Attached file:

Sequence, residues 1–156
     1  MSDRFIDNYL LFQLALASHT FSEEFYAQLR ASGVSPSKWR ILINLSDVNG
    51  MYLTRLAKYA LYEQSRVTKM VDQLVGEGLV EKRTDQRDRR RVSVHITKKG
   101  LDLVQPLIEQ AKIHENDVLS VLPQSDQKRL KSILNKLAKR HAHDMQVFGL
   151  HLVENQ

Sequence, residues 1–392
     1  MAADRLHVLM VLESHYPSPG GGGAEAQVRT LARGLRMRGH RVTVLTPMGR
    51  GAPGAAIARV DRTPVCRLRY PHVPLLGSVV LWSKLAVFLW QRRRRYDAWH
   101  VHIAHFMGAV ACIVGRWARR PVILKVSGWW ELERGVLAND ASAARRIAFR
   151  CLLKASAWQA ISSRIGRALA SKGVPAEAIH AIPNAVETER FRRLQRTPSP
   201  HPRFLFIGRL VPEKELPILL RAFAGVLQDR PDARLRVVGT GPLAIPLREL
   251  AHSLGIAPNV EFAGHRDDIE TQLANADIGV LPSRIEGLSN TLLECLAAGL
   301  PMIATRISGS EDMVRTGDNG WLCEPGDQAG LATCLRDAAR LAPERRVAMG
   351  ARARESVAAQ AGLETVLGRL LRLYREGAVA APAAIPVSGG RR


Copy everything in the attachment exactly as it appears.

Sequence, residues 1–156
     1  MSDRFIDNYL LFQLALASHT FSEEFYAQLR ASGVSPSKWR ILINLSDVNG
    51  MYLTRLAKYA LYEQSRVTKM VDQLVGEGLV EKRTDQRDRR RVSVHITKKG
   101  LDLVQPLIEQ AKIHENDVLS VLPQSDQKRL KSILNKLAKR HAHDMQVFGL
   151  HLVENQ

Sequence, residues 1–392
     1  MAADRLHVLM VLESHYPSPG GGGAEAQVRT LARGLRMRGH RVTVLTPMGR
    51  GAPGAAIARV DRTPVCRLRY PHVPLLGSVV LWSKLAVFLW QRRRRYDAWH
   101  VHIAHFMGAV ACIVGRWARR PVILKVSGWW ELERGVLAND ASAARRIAFR
   151  CLLKASAWQA ISSRIGRALA SKGVPAEAIH AIPNAVETER FRRLQRTPSP
   201  HPRFLFIGRL VPEKELPILL RAFAGVLQDR PDARLRVVGT GPLAIPLREL
   251  AHSLGIAPNV EFAGHRDDIE TQLANADIGV LPSRIEGLSN TLLECLAAGL
   301  PMIATRISGS EDMVRTGDNG WLCEPGDQAG LATCLRDAAR LAPERRVAMG
   351  ARARESVAAQ AGLETVLGRL LRLYREGAVA APAAIPVSGG RR